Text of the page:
What Is Wangiri Fraud/Wangiri Scam?
Wangiri fraud or the Wangiri scam is a type of telephone scam. Fraudsters perpetuating the scam profit from the fees they earn from tricking people into calling premium rate phone numbers.
“Wangiri” is a Japanese word that means “one ring and drop”. The wangiri scam is sometimes referred to as a “missed call scam”. It involves fraudsters calling victims from a premium rate number, but hanging up after just one ring. In turn, victims often phone the number back to see what the call was regarding. As soon as they’re connected, they begin to pay for a premium rate call, with the criminals pocketing the related fees.
This type of “one ring scam” is a form of social engineering. It relies on human nature. Victims become concerned or curious about who has called them, and therefore feel compelled to call the premium rate number back as a result.
Wangiri fraud is big business for fraudsters. Telephone companies across the world lose over $1.8 billion to wangiri fraud (telecommunication fraud) each year.
How Does Wangiri Scams Work?
A typical wangiri fraud scam works as follows.
1. A fraudster calls a phone number, ensuring that their caller ID shows up as a premium rate number that they’re in control of – and one where they profit from the premium rate fees.
2. The fraudster ensures that the call only rings once or twice, which generally results in it not being answered by the recipient, and instead shows as a missed call on their phone.
3. When the victim sees the missed call, they are curious or worried, so they phone it back. This initiates a premium rate call – which the fraudsters profit from.
4. Fraudsters use various techniques to keep victims on the premium rate call for as long as possible. They may use recorded messages, or even have people manning the lines to keep people talking. The premium rate fees – and therefore the fraudster’s profits) increase based on how long victims stay on the line.
The above is often done at scale, using auto diallers and other methods that don’t require the fraudster to sit and manually call their target numbers.
Why Are Wangiri Attacks Hard to Stop?
Wangiri attacks are hard to stop because they are relatively easy to operate. All a criminal needs is a premium rate number, access to phone numbers to target, and (optionally) the technology to operate the scam at scale.
It’s also straightforward for a fraudster to spin up a new wangiri scam once one has been detected and has to be aborted accordingly. It’s generally considered a “low-risk” scam to operate, with fraudsters often running it from countries far away from the victims they’re targeting. A significant proportion of wangiri calls made to numbers in the UK originate in Africa, for example.
How to Detect Wangiri Fraud
There are two sides to detecting wangiri fraud. As a business, a particular priority is when wangiri fraud is being perpetuated by fraudsters claiming to be from your company.
This is often detected when customers begin to query calls being made to them “from their organization”. Upon investigation, it then proves that the number used isn’t one belonging to the company.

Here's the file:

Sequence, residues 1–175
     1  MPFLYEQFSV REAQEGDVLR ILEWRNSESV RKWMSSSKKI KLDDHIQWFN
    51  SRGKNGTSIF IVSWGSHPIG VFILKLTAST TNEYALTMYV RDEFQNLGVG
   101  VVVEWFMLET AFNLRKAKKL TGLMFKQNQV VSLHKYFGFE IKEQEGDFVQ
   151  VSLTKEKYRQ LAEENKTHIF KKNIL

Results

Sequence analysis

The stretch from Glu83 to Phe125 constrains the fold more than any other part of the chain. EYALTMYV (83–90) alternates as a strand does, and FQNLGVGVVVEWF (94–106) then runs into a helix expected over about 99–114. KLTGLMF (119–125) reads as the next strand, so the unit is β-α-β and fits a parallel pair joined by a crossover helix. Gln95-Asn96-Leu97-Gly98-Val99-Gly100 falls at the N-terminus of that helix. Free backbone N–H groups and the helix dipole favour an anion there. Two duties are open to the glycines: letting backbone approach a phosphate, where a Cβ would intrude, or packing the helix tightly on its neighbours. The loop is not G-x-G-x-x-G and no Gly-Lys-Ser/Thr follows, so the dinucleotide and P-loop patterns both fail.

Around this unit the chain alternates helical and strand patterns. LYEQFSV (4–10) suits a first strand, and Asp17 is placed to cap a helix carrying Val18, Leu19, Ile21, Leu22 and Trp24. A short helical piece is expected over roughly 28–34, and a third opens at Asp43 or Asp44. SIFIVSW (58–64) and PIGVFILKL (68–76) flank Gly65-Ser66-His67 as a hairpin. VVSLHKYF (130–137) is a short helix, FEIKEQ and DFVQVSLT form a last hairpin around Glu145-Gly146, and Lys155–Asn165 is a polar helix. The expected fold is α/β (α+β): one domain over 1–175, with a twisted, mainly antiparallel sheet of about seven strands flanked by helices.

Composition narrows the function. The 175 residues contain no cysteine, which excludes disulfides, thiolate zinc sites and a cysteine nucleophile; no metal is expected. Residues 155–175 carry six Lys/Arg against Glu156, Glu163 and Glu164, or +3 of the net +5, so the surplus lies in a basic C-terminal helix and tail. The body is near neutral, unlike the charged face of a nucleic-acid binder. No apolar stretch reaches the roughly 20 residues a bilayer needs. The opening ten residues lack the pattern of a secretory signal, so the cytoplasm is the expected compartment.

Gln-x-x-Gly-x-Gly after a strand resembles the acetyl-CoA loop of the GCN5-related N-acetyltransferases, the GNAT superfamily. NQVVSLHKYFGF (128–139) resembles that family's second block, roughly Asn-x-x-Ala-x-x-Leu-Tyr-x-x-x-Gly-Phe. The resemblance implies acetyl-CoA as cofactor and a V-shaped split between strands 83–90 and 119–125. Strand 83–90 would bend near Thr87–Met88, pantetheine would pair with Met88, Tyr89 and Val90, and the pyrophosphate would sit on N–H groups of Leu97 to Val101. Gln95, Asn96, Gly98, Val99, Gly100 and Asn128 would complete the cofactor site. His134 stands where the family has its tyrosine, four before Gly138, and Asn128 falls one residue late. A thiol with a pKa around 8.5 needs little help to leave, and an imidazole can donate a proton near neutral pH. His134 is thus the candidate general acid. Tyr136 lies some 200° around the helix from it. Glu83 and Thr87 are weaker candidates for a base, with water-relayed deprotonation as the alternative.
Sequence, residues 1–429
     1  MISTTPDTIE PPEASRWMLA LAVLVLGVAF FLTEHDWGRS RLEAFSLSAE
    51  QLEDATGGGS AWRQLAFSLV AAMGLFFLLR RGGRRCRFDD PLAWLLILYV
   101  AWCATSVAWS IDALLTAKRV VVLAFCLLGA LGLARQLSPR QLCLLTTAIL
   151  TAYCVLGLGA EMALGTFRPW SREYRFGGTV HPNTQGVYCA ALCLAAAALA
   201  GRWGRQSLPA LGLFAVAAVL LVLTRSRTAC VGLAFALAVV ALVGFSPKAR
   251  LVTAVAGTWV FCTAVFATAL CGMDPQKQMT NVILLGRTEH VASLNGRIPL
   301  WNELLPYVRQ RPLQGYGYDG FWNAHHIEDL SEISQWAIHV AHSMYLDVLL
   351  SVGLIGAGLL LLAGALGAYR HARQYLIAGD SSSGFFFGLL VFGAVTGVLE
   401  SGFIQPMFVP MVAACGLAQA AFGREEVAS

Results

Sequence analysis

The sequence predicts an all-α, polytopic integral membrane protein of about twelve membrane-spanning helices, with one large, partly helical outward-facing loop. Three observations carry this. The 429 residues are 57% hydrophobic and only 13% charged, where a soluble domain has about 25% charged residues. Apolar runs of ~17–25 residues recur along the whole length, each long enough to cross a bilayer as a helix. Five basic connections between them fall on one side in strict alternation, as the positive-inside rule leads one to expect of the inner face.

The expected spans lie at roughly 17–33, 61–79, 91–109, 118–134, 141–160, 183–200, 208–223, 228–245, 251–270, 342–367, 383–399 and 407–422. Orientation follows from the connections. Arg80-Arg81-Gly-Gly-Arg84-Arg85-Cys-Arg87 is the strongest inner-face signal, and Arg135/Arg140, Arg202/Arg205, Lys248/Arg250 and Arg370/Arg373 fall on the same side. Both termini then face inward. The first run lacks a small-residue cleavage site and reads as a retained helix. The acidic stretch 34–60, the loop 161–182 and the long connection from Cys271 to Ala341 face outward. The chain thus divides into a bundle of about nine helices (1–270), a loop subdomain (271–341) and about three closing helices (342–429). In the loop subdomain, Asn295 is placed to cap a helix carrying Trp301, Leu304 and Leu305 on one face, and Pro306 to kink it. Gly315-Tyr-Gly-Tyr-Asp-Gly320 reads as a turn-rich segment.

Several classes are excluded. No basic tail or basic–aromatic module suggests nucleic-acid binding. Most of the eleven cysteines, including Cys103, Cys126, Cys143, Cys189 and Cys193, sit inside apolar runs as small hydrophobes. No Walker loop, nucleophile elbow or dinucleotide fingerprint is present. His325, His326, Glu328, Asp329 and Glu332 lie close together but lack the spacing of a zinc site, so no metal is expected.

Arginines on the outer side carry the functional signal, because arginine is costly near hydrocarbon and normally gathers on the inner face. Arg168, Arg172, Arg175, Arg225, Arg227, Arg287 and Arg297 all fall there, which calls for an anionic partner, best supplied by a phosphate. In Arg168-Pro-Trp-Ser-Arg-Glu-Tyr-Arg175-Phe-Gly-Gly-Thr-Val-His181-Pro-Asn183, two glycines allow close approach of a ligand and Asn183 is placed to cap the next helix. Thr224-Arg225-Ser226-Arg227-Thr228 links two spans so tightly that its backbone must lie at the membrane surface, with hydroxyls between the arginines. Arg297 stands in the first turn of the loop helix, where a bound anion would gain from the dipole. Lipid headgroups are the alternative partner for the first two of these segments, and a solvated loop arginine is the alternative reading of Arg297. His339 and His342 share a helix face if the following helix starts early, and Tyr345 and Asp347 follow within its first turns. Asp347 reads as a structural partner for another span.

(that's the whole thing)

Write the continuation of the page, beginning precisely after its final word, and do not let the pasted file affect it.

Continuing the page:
When it comes to detecting wangiri fraud more generally, it’s wise to be alert to unexpected calls from overseas numbers. A lack of familiarity with the format of these numbers can mean that people tend to be unaware that the number they’re dealing with is from a premium rate. As a general rule, it’s best to be wary of overseas numbers, and neglect to call them back unless you are certain they are genuine.
How to Protect Against Wangiri Fraud
Here are some ways to protect against wangiri fraud – both as a business and as an individual.
Search for Missed Call Numbers Online
If you receive a missed call from a number you don’t recognize, it is a good idea to Google the number prior to calling it back.
Numbers linked to legitimate businesses are usually well-publicized, meaning that a Google search will likely show the company it came from. Similarly, the internet is often a good source of information on numbers known to be linked to scams. Many websites maintain databases of suspicious numbers, meaning a simple search will often reveal the malicious intent behind them.
Use Caller Identification Apps
There are various caller identification apps available, some of which even maintain lists of numbers known to be used by fraudsters. An alternative is to use reverse phone lookup tools to access known data relating to a specific number.
Report Suspicious Numbers to Your Carrier
There’s no harm in reporting suspicious incoming calls to your carrier. If they receive multiple reports about the same number, they may block the number network-wide.
Block Known Scam Numbers
If your research reveals that a number you’re receiving missed calls from is linked to a likely scam, you can block that number. This will prevent you accidentally calling it back in the future.
Do Not Share Your Phone Number Online
Telephone fraudsters often go for the “low hanging fruit”. Making your phone number easy to find online means it’s likely to end up on more and more fraudsters’ target lists. Only share your phone number with people and organizations you know and trust.
Inform Your Customers
If you run a business and become aware that your customers are being targeted by wangiri fraud, be sure to communicate the risks and recommend precautions. For example, you could send out an email explaining to customers that you will never call them from an overseas number.
In the past, wangiri fraudsters have specifically targeted customers who use particular mobile networks. In turn, both the networks and the phone regulators have made customers aware of the issue.
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